Politics

Gov. Nathan Deal Gives Final State Of The State Address

On Thursday, Georgia Gov. Nathan Deal gave his final State of the State address. Touting work by his administration, Deal said, “Today, I can say with great authority that the state of our state is not just strong, it is exceptional.”
Credit Dustin Chambers / WABE
Audio version of this story here.

Georgia Gov. Nathan Deal reflected on his legacy in his final State of the State address Thursday.

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He touted his administration’s achievements, including education spending, which, he said, has increased by close to $4 billion in the last seven years.

“We seek to make Georgia a leader in all industries,” Deal said, “which is why we have invested so much into our K-12 education system. Because we know that the students of today are the workforce of tomorrow.”

Deal also lauded the criminal justice reform his administration accomplished.

He said due to achievements by his administration, Georgia has a bright future.

“Today, I can say with great authority that the state of our state is not just strong, it is exceptional,” Deal said.

Georgia lawmakers were on hand to hear Gov. Nathan Deal’s final State of the State address Thursday. The governor praised his administration for its accomplishments in education spending. In the Democratic response, Senate Minority Leader Steve Henson said more money was needed for education. (Dustin Chambers/WABE)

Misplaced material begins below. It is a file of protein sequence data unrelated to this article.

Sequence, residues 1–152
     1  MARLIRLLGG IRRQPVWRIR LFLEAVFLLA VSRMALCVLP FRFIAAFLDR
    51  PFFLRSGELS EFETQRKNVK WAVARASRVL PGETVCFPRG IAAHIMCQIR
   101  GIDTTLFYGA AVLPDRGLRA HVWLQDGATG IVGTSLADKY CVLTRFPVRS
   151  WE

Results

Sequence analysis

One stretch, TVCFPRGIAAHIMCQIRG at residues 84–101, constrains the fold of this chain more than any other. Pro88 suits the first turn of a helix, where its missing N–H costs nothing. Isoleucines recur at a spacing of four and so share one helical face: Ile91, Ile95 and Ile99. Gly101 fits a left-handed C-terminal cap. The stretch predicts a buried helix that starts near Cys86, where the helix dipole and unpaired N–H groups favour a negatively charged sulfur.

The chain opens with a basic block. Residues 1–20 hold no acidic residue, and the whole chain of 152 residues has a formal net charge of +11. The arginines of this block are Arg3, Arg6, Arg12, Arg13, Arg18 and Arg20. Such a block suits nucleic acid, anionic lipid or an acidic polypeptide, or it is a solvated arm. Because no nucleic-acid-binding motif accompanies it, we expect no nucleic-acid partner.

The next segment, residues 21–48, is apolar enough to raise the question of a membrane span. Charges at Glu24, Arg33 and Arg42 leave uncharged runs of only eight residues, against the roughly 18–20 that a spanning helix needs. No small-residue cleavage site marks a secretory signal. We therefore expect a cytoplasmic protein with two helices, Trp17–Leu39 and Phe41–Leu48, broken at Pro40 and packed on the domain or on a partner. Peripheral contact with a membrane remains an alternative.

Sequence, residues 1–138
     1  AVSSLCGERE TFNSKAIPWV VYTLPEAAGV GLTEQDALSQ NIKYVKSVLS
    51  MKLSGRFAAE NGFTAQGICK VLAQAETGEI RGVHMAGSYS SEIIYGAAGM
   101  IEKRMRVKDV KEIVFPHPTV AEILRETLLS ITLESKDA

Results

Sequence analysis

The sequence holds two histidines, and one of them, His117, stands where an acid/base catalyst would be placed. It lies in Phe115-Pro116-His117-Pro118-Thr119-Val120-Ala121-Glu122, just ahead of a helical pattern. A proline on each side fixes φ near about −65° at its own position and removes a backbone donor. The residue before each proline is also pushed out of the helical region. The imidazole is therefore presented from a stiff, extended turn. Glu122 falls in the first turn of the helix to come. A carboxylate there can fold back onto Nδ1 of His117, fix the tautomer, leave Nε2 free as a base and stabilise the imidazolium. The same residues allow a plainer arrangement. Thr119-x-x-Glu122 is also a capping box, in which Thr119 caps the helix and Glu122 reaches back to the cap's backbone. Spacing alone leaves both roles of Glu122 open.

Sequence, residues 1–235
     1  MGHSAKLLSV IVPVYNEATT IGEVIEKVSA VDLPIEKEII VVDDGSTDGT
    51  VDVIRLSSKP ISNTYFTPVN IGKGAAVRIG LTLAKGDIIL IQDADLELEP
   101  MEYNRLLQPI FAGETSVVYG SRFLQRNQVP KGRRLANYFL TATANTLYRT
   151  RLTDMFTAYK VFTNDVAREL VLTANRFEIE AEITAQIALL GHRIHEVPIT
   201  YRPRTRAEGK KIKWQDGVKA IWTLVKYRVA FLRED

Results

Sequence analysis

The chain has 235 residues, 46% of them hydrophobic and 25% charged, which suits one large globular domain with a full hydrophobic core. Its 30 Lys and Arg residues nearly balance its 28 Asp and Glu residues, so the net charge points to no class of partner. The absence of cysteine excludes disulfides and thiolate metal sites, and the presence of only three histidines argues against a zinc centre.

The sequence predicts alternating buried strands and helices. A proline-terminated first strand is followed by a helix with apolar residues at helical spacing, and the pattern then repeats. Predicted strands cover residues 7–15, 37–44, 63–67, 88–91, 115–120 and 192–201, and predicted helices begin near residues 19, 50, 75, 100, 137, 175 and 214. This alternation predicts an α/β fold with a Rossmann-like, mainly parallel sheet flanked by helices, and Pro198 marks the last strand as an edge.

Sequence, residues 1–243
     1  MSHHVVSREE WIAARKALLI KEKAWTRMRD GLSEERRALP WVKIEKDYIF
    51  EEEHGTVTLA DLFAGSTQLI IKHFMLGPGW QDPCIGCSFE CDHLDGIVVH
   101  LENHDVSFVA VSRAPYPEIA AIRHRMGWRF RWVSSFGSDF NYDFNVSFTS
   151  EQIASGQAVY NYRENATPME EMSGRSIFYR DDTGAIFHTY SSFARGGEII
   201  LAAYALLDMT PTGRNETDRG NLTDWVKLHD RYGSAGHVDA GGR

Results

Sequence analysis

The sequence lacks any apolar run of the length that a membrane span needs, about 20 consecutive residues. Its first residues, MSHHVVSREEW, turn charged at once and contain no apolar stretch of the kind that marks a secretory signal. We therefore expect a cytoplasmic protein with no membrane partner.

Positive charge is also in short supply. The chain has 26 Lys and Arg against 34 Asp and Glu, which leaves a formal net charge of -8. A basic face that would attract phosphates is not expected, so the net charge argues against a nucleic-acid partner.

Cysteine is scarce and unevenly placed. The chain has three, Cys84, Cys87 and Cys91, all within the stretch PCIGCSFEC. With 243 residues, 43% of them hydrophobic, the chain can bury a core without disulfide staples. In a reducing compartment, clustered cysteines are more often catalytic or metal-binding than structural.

In the Democratic response, Senate Minority Leader Steve Henson said more money needs to go toward education.

“I hope that he will find some money in the budget to help our teachers with pay increases,” Henson said. “I hope that we will find some money to reduce the crowded schools.”

Henson pointed out that Deal did not mention health care in his State of the State address at all.

Henson said there are more than 40,000 uninsured Georgians, and health care remains an important issue.

Deal became emotional a couple of times throughout his speech. Especially when thanking his wife and those who’ve helped him along the way.

His final budget proposal is about $50 billion, with $26 billion coming from state revenues. The rest is from federal sources.

State revenues increased over 2017, but Deal has not proposed major spending increases for most programs.